Multi-faceted as she is as a performer, Lights has a great batch of pop tunes, and it's fair to see why her fans show up in droves. Between-song banter had the chanteuse sharing inside jokes with the crowd, creating a friendly back-andforth that will have her fans tweeting for days.

WU LYF (World Unite Lucifer Youth Foundation)

In one of the strangest live music experiences of the season, Manchester, England's WU LYF made a chaotic Vancouver debut at The Electric Owl. Sporting only a pair of too-big dress pants and a too-tight torn denim jacket with the band's logo across the back, singer Elle Jaie (Ellery Roberts) made an impression right away. Halfway through the band's opening track, he started replacing lyrics with messages to the sound mixer. "I would really appreciate it if I could hear myself in my mother fucking monitor," he sang, while his band marched off without batting an eyelash.

The rest of the set was much of the same. With Roberts' snide attitude flying off the walls, the crowd soon became a massive shirtless, sweaty mess, with a literal fist fight breaking out halfway, glasses breaking, and crowd members pushed onto stage knocking over and unplugging the electrical equipment.

It's hard to discern between passion and indignance, yet when the raspy singer slapped down his microphone stand, it seemed out of sheer spontaneity in the moment, not a preconceived move of rebellion. The group, well known for their lack of press appearances, are in a way saying "fuck you" to the industry, just as much as Roberts did to the people in the front row who asked for a fist bump and got a middle finger. When he does hunker down, Roberts and his group make a great blend of loud indie pop, but onstage, his wild approach distracts from the music.


As a polar opposite, Toronto orchestral pop ensemble Ohbijou warmed the hearts of a packed Biltmore, with a crowd so thick it was hard to see the string section sitting down with their instruments. Vocalist Casey Mecija holds all of the endearing charm necessary to front such a large group, telling road stories in between tracks, such as the innocent tale of confusing a sack of vegetables for a "bag of green" across the US border.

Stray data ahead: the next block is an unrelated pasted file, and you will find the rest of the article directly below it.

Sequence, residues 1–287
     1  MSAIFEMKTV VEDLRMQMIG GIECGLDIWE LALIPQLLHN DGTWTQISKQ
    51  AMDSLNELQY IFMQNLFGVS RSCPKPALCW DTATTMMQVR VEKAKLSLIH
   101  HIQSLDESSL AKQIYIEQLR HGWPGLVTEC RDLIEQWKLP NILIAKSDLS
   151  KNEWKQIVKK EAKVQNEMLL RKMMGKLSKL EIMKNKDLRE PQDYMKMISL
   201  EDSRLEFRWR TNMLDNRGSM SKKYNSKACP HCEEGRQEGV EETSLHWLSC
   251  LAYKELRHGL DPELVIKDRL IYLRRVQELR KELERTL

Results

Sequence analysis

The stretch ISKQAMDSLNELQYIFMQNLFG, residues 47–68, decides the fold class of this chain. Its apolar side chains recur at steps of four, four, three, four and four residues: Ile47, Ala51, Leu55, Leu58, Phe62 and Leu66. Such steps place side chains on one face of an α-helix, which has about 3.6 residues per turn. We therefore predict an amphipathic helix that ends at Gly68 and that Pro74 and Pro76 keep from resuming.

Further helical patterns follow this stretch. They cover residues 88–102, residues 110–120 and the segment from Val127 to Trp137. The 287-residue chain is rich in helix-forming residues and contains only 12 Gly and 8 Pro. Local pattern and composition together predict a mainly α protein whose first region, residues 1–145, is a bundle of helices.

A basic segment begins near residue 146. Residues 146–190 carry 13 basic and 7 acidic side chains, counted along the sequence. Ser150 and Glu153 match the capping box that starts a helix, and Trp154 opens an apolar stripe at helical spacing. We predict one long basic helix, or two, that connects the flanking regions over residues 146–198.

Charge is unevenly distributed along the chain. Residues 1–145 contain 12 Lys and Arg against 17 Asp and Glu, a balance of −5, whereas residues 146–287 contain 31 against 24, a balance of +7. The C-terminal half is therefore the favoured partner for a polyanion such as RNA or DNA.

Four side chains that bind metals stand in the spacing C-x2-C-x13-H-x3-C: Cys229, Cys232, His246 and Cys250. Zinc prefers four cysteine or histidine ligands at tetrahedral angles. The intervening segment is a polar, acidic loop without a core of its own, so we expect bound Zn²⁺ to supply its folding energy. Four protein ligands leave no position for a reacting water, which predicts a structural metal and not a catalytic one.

In action, every band member looked completely enraptured with their own performance, as if part of a bar-sized symphony, complete with cello and violin. The interesting facet in their set is how each song tells a different story musically, showing that they're not really content staying in one place too long in terms of tone.

The mellow tracks feel unexpectedly emotional, with so many interweaving threads combining together to one feeling. When Mecija sings "Give me some loving, 'cause I've been thinking about dying under heavy snow" from "Thunderlove", it's easy to see everyone in the room tearing at the seams as much as she was when she wrote it. The entire show felt like the perfect precursor to the first day of snow, blending comforting melodies with the feeling of a change in season.

//JJ Brewis, Art Director
//Illustration by Stefan Tosheff

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© 2011 The Capilano Courier. phone: 604.984.4949 fax: 604.984.1787 email: editor@capilanocourier.com